Will My Text Messages and Social Media Posts Be Admissible in Court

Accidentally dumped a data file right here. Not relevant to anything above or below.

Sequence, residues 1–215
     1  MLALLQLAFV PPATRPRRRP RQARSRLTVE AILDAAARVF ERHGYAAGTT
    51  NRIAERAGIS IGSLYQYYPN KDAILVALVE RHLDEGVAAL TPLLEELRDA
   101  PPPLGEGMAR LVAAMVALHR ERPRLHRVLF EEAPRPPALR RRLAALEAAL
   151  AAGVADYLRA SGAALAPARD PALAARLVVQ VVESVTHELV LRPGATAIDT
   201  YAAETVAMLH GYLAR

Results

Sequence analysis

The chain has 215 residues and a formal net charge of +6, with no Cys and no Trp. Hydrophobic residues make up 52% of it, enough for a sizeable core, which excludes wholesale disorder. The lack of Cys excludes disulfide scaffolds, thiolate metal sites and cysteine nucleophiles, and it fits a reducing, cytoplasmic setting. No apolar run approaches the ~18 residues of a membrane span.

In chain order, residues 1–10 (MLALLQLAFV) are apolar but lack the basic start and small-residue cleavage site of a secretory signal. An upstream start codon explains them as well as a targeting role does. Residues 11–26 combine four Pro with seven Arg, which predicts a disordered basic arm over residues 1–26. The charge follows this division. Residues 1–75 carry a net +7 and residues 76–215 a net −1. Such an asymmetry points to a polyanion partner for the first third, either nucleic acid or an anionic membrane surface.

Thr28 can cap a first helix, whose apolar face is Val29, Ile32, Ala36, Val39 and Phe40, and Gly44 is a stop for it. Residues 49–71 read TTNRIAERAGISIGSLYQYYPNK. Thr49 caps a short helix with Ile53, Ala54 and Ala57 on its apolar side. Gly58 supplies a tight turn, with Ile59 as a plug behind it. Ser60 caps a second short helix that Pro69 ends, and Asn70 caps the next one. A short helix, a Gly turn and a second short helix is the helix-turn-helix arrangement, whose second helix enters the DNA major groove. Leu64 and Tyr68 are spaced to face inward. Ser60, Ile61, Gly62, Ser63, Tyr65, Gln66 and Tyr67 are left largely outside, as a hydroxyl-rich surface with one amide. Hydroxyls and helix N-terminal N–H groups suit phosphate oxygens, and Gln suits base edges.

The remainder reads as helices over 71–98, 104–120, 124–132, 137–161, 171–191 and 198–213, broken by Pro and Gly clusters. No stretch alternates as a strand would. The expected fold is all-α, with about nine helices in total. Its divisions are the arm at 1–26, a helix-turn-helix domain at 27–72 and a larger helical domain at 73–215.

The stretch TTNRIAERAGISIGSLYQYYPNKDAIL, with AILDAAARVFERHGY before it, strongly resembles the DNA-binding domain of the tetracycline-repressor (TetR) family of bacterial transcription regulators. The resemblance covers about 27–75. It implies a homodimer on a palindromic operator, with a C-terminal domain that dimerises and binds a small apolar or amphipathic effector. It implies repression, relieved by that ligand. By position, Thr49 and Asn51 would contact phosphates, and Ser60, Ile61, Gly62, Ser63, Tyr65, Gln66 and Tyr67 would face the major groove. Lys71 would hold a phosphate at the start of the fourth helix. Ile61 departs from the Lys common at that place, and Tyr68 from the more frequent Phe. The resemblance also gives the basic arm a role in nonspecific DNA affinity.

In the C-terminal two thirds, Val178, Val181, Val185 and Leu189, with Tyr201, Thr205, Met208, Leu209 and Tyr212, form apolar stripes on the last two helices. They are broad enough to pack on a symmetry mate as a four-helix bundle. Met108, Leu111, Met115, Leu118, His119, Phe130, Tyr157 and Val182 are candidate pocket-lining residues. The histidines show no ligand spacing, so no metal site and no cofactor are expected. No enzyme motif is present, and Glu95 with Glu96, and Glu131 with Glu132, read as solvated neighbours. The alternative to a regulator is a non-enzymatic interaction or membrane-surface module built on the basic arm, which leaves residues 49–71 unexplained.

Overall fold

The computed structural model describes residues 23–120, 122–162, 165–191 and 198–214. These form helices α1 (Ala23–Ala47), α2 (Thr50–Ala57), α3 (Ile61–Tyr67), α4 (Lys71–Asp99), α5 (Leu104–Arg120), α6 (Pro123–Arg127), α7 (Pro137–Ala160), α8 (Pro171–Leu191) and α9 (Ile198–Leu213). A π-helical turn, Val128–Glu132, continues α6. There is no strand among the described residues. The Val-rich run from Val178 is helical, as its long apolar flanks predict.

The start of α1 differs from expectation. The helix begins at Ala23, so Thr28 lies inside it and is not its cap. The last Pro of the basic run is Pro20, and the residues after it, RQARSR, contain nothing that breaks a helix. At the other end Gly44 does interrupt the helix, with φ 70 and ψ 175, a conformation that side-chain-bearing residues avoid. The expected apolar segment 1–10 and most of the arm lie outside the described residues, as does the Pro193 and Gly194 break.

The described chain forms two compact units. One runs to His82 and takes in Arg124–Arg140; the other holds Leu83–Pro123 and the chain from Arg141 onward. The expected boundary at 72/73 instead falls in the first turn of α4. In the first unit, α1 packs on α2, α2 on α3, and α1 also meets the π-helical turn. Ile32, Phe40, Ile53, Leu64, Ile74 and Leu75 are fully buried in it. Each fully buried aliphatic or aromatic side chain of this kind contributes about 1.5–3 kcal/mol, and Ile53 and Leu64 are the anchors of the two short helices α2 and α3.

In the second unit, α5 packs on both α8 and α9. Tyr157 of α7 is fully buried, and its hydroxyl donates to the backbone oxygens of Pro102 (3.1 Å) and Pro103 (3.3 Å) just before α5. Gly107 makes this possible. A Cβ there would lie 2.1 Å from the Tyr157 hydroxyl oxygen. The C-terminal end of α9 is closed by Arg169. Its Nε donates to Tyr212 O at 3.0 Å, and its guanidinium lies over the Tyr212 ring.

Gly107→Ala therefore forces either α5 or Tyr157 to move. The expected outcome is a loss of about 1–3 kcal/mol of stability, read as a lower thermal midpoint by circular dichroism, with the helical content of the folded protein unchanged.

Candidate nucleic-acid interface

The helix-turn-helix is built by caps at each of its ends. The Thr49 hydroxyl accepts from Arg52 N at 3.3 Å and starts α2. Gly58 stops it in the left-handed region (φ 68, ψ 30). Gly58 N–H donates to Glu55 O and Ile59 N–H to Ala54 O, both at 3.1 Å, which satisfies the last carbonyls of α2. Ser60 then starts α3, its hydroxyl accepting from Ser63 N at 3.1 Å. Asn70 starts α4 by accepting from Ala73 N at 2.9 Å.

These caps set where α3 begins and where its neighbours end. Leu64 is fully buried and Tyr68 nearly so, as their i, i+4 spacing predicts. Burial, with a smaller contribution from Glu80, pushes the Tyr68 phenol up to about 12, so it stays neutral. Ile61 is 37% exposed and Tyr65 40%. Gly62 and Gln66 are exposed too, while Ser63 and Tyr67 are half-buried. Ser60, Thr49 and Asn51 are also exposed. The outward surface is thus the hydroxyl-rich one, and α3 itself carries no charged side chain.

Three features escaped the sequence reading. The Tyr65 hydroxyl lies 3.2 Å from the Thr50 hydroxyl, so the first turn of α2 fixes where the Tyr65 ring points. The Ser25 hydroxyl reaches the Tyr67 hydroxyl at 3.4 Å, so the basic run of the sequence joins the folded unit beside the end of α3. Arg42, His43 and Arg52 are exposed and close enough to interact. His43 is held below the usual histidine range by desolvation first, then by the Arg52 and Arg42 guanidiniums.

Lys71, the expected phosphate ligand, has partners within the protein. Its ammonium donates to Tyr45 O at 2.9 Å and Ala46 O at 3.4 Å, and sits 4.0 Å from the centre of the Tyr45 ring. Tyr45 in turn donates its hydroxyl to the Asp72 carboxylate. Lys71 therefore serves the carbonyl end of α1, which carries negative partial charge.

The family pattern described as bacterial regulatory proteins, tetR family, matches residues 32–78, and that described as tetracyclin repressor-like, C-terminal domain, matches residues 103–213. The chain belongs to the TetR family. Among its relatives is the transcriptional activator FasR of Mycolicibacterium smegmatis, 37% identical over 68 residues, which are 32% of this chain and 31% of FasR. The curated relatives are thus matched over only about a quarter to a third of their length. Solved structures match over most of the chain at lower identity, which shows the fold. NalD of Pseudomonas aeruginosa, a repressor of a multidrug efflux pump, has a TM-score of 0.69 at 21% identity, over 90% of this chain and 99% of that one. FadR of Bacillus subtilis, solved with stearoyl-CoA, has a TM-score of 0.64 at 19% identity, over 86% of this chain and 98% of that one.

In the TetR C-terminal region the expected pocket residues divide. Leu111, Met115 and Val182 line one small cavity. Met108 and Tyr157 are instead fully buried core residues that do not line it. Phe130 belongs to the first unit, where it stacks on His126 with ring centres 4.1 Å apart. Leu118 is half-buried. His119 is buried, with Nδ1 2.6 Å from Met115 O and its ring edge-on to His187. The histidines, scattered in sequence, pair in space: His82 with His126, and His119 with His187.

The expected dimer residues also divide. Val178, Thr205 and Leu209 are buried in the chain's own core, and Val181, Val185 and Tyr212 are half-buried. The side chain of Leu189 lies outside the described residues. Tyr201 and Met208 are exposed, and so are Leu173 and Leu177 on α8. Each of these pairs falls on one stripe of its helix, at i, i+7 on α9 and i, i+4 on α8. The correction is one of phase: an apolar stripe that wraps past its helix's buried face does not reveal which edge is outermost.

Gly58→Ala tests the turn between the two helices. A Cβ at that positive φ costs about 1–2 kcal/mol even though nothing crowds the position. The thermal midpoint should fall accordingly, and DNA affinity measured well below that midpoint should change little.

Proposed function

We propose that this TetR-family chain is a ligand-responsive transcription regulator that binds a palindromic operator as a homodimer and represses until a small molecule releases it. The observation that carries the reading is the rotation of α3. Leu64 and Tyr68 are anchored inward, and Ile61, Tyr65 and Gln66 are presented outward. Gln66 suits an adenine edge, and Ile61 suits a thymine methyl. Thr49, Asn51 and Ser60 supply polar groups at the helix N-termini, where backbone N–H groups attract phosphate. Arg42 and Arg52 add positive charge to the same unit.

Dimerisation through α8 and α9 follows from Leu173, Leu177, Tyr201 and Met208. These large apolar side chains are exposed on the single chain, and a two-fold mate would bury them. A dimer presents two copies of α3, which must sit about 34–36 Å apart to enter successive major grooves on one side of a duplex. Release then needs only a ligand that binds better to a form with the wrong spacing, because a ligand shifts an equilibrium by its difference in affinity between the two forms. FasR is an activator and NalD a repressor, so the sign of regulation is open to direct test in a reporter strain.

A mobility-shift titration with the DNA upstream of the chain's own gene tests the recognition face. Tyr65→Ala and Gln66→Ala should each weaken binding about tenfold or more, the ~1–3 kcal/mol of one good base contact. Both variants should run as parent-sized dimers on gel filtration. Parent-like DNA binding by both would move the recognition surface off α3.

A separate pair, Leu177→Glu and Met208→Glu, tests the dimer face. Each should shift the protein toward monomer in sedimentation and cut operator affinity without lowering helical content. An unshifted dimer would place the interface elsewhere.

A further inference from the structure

Are text messages admissible in court? If you are in a case where your texts might be relevant, you may be wondering if they are admissible. Whether your text messages could help you or hurt, you’ll want to know how the court will treat them. The truth is, text messages are a new area for the law to consider. So is social media. The rules on evidence have been around for many years. Fast, ubiquitous, and electronic forms of communication didn’t exist before, so courts are trying to apply old rules to new mediums. Texting and social media are very new ways to communicate in general. But, they are especially new for courts deciding whether or not they can be admissible as evidence. The problem becomes when text messages have a particular value or can provide insight into a case. Since many of us don’t chat on the phone anymore, text messages often provide the bulk of communication between parties. Social media posts can also give a lot of insight into someone’s thoughts or actions. They can even log where an individual was at a specific time. If you are in the middle of a criminal case, it can be very stressful to wonder, “Are text messages admissible in court?” Here, we’ll go over everything you need to know about the admissibility of text messages and social media posts. So, how do courts handle these new communication forms? The answer, like many answers in the law, is “it depends.” What is admissible evidence? Before discussing text messages and social media specifically, we must consider the definition of admissible evidence. Admissible evidence is anything relevant to a case that would make a material fact more or less probable. If evidence is not relevant, the court will not allow it. Admissible evidence can include the following: Witness testimonyPhotographsRecordingsWritten documents or statementsPhysical or digital objectsScientific or medical resultsCharts or displays for the jury Even relevant evidence may be subject to exclusion if it is unreliable or could confuse or mislead jurors. It could also be subject to exclusion if it would unfairly prejudice the jurors against the defendant. Relevant evidence may also be inadmissible if it is hearsay. What is hearsay? Hearsay is a hurdle that the parties need to cross to admit statements that weren’t made in court. The definition of hearsay is a statement not made in court offered as evidence to prove its veracity or truth. For example, imagine you sent a text message to a friend that said, “Bob vandalized Jane’s car.” If Jane’s attorney tried to admit your text as evidence that Bob did it, this would be hearsay. The general rule on hearsay is that it is inadmissible. However, there are many exceptions to hearsay which would allow certain statements into evidence. Are text messages hearsay? Given the hearsay rule, are text messages hearsay? Yes, under the definition of the term, text messages and social media posts are hearsay. They are statements made outside of court, which are generally introduced to prove the truth of the text or post. However, courts have largely allowed texts and social media posts under various exceptions to the hearsay rule. Sometimes, a court will allow them to show a fact other than the content of the message. For example, they may show that the parties had a close relationship. If you are wondering if your texts or posts are admissible, it’s better to prepare yourself: they likely will be. What else does the court consider admissible evidence? For evidence to be admissible, the party introducing it needs to authenticate it. Authentication is the process of proving that something is what the party claims it to be. For texts and social media, authentication would mean showing that the text or post was actually a text or post from the party who supposedly sent it or posted it. For online communications, authentication can happen by showing that online communication came from a phone number or account associated with the person who purportedly sent or posted it. Depending on the court, this may not be an acceptable method of authentication for online communications. After all, other people can access online accounts and cell phones that they do not own. The court may require additional information for authentication. Can text messages be used in criminal court? In Wyoming, the criminal court will generally allow text messages and social media posts. Wyoming has a rule which allows the prosecutor to bring in a text or post by the defendant. (Wyoming Rule of Evidence 801(d)(2)). They will still need to be authenticated, but if a prosecutor wants to introduce them against the defendant, they can. If a defendant wanted to bring in a text message or social media post that they sent or posted themselves, they would need to get around the hearsay rule. So, are text messages admissible in court? Generally, you should anticipate your texts and social media posts being admissible in court. Although they will need to meet evidentiary standards and get around evidentiary exclusions, courts in Wyoming are likely to allow them in. No matter what, when sending electronic messages or posting things online, consider that everything you say may come back to you in the future. If you are in a criminal case and have concerns about text messages or social media posts you may have sent, contact the team at Cowboy Country Criminal Defense. We can help guide you on how best to handle your case and any potential evidence.